The latest entry into the World Travellers series is with author, writer and traveller Samita from I am the Ocean. Samita shares her tales from all over Canada, the USA and two countries I don’t know much about – Ghana and Burkina Faso. Over to you, Samita!
Who are you?
My name is Samita Sarkar and I am a full-time writer from Canada. I just finished my first travel memoir, I Am the Ocean, chronicling my physical and spiritual journey backpacking along the east coast of the United States.
Where are you from?
I was born in Canada and have lived here my whole life.
Where have you been?
I’ve travelled around most of Canada (including the Northwest Territories), the east coast of the United States, India, Cuba, Ghana, Burkina Faso, and Amsterdam.
Where are you now?
I’m at home in Ontario, Canada — for now.
What are the top 3 places you’ve visited?
1) Savannah, Georgia, USA
This city has so much character. It’s very beautiful, with parkettes throughout the downtown area and tree-lined streets draped with Spanish moss.
Savannah is also home to SCAD, the prestigious Savannah College of Art and Design. It’s very modern and artsy, with lots of art galleries throughout the city. At the same time, it’s an old city, and most inns are rumoured to be haunted. Savannah is such a unique mix of quaintness and modernity, and with the friendly people and slow-paced lifestyle, I just fell in love.
2) Mayapur, West Bengal, India
In India there’s a city by the Ganges called Mayapur. Even within India, Mayapur in particular is an extremely spiritual place. It was in Mayapur’s grand temple, while I was taking darshan and lots of women were dancing around me in their colourful saris, that I had the revelation that we often take what we have for granted. I never felt so good in my own skin.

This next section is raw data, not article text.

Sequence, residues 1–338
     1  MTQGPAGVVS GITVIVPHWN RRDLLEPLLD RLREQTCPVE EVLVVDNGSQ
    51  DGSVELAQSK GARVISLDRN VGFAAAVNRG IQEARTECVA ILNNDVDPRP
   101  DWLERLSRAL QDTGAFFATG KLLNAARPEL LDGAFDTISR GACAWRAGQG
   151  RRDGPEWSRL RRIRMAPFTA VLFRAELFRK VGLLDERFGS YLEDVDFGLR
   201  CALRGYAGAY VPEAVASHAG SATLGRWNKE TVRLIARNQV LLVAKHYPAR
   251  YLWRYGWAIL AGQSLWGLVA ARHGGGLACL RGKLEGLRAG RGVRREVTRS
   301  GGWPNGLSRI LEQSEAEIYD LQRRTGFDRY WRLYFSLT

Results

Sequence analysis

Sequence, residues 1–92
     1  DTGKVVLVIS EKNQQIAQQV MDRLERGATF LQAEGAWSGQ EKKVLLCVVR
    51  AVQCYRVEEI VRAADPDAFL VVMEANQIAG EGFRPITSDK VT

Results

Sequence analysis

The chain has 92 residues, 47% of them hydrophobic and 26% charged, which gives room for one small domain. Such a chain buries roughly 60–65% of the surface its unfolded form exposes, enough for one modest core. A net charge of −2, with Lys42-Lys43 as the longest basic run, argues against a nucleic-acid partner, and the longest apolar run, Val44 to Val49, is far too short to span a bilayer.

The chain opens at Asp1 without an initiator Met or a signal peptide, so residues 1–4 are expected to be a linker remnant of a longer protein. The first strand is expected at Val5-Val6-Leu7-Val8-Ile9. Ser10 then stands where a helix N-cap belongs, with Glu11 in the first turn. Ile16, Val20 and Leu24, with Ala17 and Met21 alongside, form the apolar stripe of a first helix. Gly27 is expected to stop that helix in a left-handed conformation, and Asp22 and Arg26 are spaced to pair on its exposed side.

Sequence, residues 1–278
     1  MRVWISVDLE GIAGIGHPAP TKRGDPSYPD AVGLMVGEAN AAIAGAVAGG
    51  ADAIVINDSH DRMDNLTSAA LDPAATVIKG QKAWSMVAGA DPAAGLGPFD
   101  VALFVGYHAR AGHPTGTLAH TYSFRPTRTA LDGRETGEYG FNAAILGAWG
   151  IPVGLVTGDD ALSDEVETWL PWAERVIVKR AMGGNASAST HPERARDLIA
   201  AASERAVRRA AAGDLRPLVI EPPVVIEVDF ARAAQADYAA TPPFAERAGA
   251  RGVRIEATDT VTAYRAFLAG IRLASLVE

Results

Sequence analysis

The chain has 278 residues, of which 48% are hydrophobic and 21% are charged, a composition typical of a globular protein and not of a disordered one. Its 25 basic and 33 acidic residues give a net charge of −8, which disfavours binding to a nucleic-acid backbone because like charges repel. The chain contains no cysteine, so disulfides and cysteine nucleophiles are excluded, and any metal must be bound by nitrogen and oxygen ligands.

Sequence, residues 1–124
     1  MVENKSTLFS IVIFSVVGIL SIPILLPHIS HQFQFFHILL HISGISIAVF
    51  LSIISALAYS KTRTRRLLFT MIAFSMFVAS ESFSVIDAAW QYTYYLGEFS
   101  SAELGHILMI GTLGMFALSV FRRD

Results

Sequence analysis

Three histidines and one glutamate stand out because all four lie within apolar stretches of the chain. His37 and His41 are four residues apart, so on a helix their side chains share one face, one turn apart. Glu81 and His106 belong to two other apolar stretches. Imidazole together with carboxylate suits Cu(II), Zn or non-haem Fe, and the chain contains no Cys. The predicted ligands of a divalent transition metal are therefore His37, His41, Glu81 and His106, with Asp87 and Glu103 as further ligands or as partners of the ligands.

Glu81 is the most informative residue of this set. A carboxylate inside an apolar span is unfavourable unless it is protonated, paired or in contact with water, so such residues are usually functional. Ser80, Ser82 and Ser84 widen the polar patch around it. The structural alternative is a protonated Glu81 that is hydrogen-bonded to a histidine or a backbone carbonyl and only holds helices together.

3) Vancouver, British Columbia, Canada
Although it’s in the same country, Vancouver is so different from my home town, which is why I love it. It’s warm, near the ocean, and there’s lots to do. It isn’t too far from the Rocky Mountains and many other natural sites that are good for day trips.
What is the best travel experience you’ve had?
On my trip along the east coast of the United States, every day was perfect. But there was one day that was particularly magical. I was feeling really lonely when I first reached my final destination, Miami. After a few days, I met three unforgettable girls and we went everywhere together. We had breakfast, went to the beach, and then in the evening, we went to a temple. It was a bit of an adventure because it was in a rough part of town. The girls left for Europe the next day, but I was still grateful for the time I spent with them. It was one of the best days of my life.
What is the worst travel experience you’ve had?
Last fall I went to India and had the misfortune of meeting my uncle and cousin, who are full of every evil vice you can think of. I’d rather not dwell on the negative, but let’s just say I was glad my parents were there to protect me.
What is the funniest travel experience you’ve had?
The funniest experience would have to be the time I crossed paths with the person I refer to in my travel book as the Biblical Bus Crooner. It was almost midnight on a Greyhound in the Deep South, when a man broke into song — loudly.
“Jeeeesus! Everybody praise Jeeeeesus!” he crooned.
When that didn’t elicit a reaction, he began clapping his hands together and singing more loudly.